A Swift look through Apple programming language history

So, Apple has a new dynamic programming language, confusingly given the same name as an existing programming language. Let’s look at some of Apple’s past experiments in programming language development, to see how this might turn out.

1987: Apple launches HyperTalk, a dynamic object-oriented programming language for rapid application development. After HyperCard’s inventor left Apple, the company lost interest, and eventually Steve Jobs killed the project in 1998, so it never made it to OS X.

1990: Apple launches a joint venture with IBM to develop a next-generation OS called Taligent, then later Kaleida. It comes with a new dynamic programming language called ScriptX. It’s briefly available for Mac OS 7, then left to die.

Early 1990s: Apple develops a new dynamic programming language called Dylan. It’s intended to be the new language for Apple’s handheld platform, Newton. Apple would develop a development environment for MacOS and Newton, and a company called Harlequin would develop the Windows IDE. Apple’s Dylan was slowly killed around 1995.


1993: Apple launches NewtonScript, a new dynamic programming language for their handheld platform, the Newton. Steve Jobs kills the Newton in a fit of pique in 1998, killing NewtonScript.

2008: Apple launches MacRuby, a new version of the Ruby dynamic programming language, but built on the LLVM infrastructure and Cocoa. In 2012, RubyMotion is introduced as a development language for iOS, just as MacRuby development turns out to be dead.

OK, maybe you think I’m being unfair here. What about Objective-C?

Well, Apple didn’t invent Objective-C. It was NeXT who popularized it, and they didn’t invent it either, they bought it from Stepstone (later called PPI). But let’s go through some language projects not originated by Apple anyway.

Objective-C was licensed by NeXT in 1988 from Stepstone, and later Apple hired one of the inventors. NeXT supported NeXTStep/OpenStep and Objective-C on Windows, Solaris, and NeXT hardware. For a while after the NeXT acquisition Apple encouraged developers to use Objective-C and OpenStep for their cross-platform development. Then in the late 90s, Apple summarily killed OpenStep for Windows, making the environment Mac-only.

In 1984, Apple licensed Smalltalk to provide a dynamic object-oriented programming environment for the Mac. It was sold for just $50. By 1996 this had become Squeak, which was put out to pasture around 2006 and now lives as an open source community project.

When OS X was launched, it was promised to be a first class Java development environment. Accordingly, bindings were created to allow desktop Cocoa applications to be developed in Java, or for Mac applications to call Java libraries. The Java bindings were used for applications such as Adium, CyberDuck, and so on. Development of Java bindings for Cocoa was killed in 2004. Then in 2010, Java itself was deprecated on the Mac after years of neglect.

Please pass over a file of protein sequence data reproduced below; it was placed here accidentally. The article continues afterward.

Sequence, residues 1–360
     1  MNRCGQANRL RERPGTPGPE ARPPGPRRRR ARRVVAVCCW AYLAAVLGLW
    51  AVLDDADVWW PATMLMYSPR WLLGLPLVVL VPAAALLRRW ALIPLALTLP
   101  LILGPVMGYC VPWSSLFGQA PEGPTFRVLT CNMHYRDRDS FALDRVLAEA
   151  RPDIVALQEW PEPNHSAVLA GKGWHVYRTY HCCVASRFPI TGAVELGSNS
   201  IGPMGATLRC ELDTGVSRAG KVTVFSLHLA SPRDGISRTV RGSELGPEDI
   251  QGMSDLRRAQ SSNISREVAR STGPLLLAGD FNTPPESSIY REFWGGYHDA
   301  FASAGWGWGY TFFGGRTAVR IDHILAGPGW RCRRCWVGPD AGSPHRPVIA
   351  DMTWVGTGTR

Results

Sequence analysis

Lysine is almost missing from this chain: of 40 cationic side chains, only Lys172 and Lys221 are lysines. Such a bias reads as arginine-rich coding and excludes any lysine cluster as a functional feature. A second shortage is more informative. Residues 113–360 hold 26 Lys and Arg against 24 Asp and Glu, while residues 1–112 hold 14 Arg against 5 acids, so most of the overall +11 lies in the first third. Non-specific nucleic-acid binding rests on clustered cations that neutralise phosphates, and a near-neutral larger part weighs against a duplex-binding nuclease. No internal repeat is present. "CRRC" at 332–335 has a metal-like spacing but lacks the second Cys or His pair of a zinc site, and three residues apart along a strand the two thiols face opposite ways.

Apple licensed Macintosh Common Lisp from Franz around 1988, to provide a new dynamic object-oriented programming environment for the Mac. Apple sold Macintosh Common Lisp to Digitool in 1995.

In 2006, Apple launched Dashcode, an integrated development environment for building desktop widgets (mini applications) in the popular dynamic language JavaScript. In 2008, attendees at Apple’s developer conference got to see SproutCore, a new framework which would allow development of desktop-like applications in JavaScript, with web deployment too. Unfortunately, Dashcode appears to be dead now, and not much has been seen of SproutCore recently.


Now in fairness, Apple have originated and continued to support one programming language that I can think of. They’ve not killed any platform it runs on or deprecating its functionality. I speak, of course, of AppleScript. So let’s all golf clap Apple for their lasting achievements in AppleScript.

Oh, one more thing. When the Mac launched, its programming language was Pascal. This was extended to provide object-oriented programming for Mac development, in the form of Object Pascal for MPW. I hold Apple blameless for Pascal’s death, though. Truth is, almost no developers wanted to write Pascal, particularly not a variant of Pascal that meant they could never run their code anywhere but on a Mac.

Which brings me back to Apple Swift. Finally iOS has its HyperCard. Or maybe its Dylan. Or perhaps its MacRuby? Maybe I’m being too cynical, maybe I’m too focused on the past, maybe this time it’ll work. I’m sure Gruber will love it. But even if it lasts, it’s a closed-source single-vendor programming language designed to lock you in to a particular platform. Right now it seems you can’t even call C code from it. Do you really want to jump on that bandwagon? I don’t, and I’m a Mac user. I’ve been burned too many times that way.

2 thoughts on “A Swift look through Apple programming language history

  1. “Right now it seems you can’t even call C code from it.”

    Even if there is no other way (I did not go through the introductory ebook yet), you can instantiate Objective-C classes and call Objective-C methods, which in turn can contain C code. What is the problem?

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